The bacterial AlkB protein is known to be involved in cellular recovery from alkylation damage; however, the function of this protein remains unknown. AlkB homologues have been identified in several organisms, including humans, and a recent sequence alignment study has suggested that these proteins may belong to a superfamily of 2-oxoglutarate-dependent and iron-dependent oxygenases (2OG-Fe(ii)-oxygenases)1. Here we show that AlkB from Escherichia coli is indeed a 2-oxoglutarate-dependent and iron-dependent DNA repair enzyme that releases replication blocks in alkylated DNA by a mechanism involving oxidative demethylation of 1-methyladenine residues. This mechanism represents a new pathway for DNA repair and the third type of DNA damage reversal mechanism so far discovered.
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We thank M. Bjørås, L. Eide, K. Baynton, K. I. Kristiansen, J. Myllyharju, K. Skarstad and J. Klaveness for help and discussions, and L. Eide, K. Baynton and A. Klungland for critical reading of the manuscript. We are grateful to M. Bjørås for preparation of [3H]MNU-labelled DNA substrates, to L. Eide for the construction of the plasmid for expression of GST–AlkB, and to D. Daoudi for technical assistance. This work was supported by the Research Council of Norway and the Norwegian Cancer Society. E.S. also acknowledges support from the European Commission.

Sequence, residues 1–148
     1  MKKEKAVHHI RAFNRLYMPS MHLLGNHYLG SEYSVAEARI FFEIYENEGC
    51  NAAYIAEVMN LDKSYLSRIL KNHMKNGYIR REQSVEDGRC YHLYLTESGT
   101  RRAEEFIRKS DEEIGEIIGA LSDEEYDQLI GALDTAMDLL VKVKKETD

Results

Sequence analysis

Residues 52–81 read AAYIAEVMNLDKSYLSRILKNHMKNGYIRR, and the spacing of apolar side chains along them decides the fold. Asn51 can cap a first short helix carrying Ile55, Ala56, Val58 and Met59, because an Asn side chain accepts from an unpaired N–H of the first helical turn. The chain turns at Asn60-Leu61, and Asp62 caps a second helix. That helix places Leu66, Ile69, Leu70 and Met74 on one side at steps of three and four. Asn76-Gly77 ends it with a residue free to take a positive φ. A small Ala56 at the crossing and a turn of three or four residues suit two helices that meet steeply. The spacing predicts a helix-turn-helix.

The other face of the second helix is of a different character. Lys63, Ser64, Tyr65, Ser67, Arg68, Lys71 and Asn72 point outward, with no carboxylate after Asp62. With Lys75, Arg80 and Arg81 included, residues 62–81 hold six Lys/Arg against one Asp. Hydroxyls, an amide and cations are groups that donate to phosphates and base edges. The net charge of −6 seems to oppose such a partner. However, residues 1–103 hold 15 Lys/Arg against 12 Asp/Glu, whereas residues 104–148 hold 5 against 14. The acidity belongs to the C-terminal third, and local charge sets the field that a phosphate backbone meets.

The authors declare that they have no competing financial interests.
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Falnes, P., Johansen, R. & Seeberg, E. AlkB-mediated oxidative demethylation reverses DNA damage in Escherichia coli. Nature 419, 178–182 (2002) doi:10.1038/nature01048
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